|D E C E M B E R 2 0 0 9|
By MALTI PATEL - email@example.com
Q. I just got a notice from Social Security that said my Supplemental Security Income (SSI) case is being reviewed. What does this mean?
A. Social Security reviews every Supplemental Security Income case from time to time to make sure the individuals who are receiving checks should continue to get them. The review also determines if the individuals are receiving the correct amounts.
Q. What is the definition of disability for children filing for Supplemental Security Income (SSI)?
A. Social Security has a strict definition of disability for children under the SSI program. A child is disabled if he or she:
To decide whether your child is disabled, they look at medical and other information (such as information from schools and from you) about his or her condition(s), and we consider how the condition(s) affects his or her daily activities. They consider questions such as:
Go to http://www.socialsecurity.gov/pubs/10026.html for additional information on how they decide if a child under age 18 is disabled.
You can give us some of the information we need about your child by completing the online Disability Report. The Child Disability Starter Kit can help you to get ready to complete the report or prepare for the disability interview.
Q. When I started receiving Supplemental Security Income (SSI) checks, I received a booklet that told me what I should report to Social Security. I misplaced the booklet. How can I get a new one?
A. Call Social Security's toll-free number, 1-800-772-1213 (if you are deaf or hard of hearing, call our TTY number, 1-800-325-0778), between 7 a.m. and 7.p.m., Monday through Friday, and ask for the booklet, “Social Security -- What You Need to Know When You Get SSI." You also may download the booklet at www.socialsecurity.gov/pubs/11011.html. You can find additional information on SSI in the booklet, “Understanding SSI,” at www.socialsecurity.gov/notices/supplemental-security-income/index.htm.
Q. What is the relationship between SSI and Medicaid?
A. Medicaid is a jointly funded, federal-state health insurance program for low-income and needy people. It covers children, the aged, blind, and/or disabled and other people who are eligible to receive federally assisted income maintenance payments.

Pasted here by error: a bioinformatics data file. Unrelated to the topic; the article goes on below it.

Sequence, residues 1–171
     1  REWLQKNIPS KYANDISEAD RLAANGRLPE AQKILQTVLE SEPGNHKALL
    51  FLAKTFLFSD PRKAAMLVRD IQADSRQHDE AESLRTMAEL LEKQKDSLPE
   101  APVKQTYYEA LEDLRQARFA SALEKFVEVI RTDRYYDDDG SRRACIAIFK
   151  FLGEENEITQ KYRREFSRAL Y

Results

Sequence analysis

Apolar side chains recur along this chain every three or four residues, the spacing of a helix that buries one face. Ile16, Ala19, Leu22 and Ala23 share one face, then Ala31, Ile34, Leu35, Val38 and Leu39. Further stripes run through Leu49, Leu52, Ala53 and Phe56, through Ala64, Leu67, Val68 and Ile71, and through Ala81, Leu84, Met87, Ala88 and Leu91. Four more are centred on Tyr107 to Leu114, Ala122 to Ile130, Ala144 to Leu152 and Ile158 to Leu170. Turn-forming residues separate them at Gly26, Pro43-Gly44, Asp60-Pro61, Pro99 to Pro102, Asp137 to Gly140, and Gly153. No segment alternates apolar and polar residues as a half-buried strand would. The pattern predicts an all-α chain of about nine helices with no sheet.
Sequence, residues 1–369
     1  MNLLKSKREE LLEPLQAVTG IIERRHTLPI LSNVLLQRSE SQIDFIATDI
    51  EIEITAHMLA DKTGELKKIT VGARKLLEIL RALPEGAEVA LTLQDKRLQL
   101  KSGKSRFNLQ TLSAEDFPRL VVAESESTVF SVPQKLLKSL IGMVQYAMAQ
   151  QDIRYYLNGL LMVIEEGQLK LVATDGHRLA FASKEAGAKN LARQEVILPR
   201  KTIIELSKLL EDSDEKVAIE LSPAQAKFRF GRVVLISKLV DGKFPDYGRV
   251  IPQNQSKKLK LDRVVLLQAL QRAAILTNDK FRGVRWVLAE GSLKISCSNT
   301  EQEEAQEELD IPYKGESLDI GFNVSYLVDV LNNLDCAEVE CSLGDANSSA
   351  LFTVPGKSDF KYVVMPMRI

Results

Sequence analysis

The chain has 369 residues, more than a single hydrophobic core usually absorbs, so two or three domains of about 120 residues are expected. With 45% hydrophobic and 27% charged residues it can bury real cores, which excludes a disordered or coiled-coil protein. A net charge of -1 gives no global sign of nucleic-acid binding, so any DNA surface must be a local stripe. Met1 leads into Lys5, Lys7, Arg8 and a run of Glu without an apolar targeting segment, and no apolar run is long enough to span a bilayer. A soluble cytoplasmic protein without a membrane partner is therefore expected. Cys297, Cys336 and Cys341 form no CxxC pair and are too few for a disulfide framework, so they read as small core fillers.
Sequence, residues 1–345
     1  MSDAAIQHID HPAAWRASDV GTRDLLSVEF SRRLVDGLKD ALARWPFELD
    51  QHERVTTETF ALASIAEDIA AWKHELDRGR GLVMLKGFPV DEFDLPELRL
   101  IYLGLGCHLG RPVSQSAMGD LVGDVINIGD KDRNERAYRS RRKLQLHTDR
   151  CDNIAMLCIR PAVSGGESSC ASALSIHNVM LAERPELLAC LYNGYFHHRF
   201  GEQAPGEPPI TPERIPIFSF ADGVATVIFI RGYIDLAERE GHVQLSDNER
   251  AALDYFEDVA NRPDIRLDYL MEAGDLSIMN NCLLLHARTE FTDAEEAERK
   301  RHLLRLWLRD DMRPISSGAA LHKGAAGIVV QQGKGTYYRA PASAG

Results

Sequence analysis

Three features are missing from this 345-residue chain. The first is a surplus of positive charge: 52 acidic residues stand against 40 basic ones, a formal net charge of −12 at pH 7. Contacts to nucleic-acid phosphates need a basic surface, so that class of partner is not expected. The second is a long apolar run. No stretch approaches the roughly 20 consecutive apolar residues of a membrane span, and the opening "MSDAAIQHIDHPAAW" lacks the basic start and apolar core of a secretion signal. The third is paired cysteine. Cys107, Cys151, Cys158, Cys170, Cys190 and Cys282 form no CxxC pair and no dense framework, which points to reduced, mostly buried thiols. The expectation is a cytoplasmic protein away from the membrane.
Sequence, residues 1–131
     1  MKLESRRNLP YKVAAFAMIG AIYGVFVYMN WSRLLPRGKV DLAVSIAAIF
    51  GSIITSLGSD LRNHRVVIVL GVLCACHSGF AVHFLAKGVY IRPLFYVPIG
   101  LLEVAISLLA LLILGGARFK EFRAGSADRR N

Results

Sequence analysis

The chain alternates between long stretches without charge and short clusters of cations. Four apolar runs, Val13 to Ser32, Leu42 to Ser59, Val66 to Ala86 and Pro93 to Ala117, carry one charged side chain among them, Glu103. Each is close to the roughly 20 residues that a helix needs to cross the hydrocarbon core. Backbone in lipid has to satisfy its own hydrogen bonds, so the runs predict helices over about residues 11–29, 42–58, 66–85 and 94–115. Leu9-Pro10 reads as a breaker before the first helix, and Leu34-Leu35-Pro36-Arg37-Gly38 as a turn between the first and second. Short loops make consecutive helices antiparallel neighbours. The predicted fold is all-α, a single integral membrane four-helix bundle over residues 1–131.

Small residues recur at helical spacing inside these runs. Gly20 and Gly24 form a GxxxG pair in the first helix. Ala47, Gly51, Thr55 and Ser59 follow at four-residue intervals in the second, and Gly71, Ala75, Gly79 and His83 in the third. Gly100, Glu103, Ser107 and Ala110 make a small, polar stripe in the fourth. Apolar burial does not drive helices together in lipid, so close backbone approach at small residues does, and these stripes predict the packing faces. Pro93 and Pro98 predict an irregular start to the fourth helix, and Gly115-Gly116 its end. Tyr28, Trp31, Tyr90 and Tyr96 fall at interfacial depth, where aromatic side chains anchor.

Thirty-two states and the District of Columbia provide Medicaid eligibility to people eligible for Supplemental Security Income (SSI) benefits. In these states, the SSI application also is the Medicaid application. Medicaid eligibility starts the same months as SSI eligibility.
The following jurisdictions use the same rules to decide eligibility for Medicaid as SSA uses for SSI, but require the filing of a separate application: Alaska, Idaho, Kansas, Nebraska, Nevada, Oregon, Utah and Northern Mariana Islands.
The following states use their own eligibility rules for Medicaid, which are different from SSA's SSI rules. In these states, a separate application for Medicaid must be filed: Connecticut, Hawaii, Illinois, Indiana, Minnesota, Missouri, New Hampshire, North Dakota, Ohio, Oklahoma and Virginia. For information, visit http://www.socialsecurity.gov/work/ResourcesToolkit/Health/medicaid.html
Q. A few days ago, I saw a poster that advised individuals 65 or over with limited income and resources to apply for Supplemental Security Income (SSI) at any Social Security office. Next month I'll turn 65 and I thought I'd be eligible for SSI so I planned to apply until my neighbor told me I'd probably be turned down because I have children who could help support me. Is this true?
A. Whether you can get SSI depends on your income and resources (the things you own). If you have low income and few resources, you may be able to get SSI. However, if you are receiving support from your children, your SSI payment will be reduced. Support is any food, clothing or shelter that is given to you, or is received by you because someone else pays for it.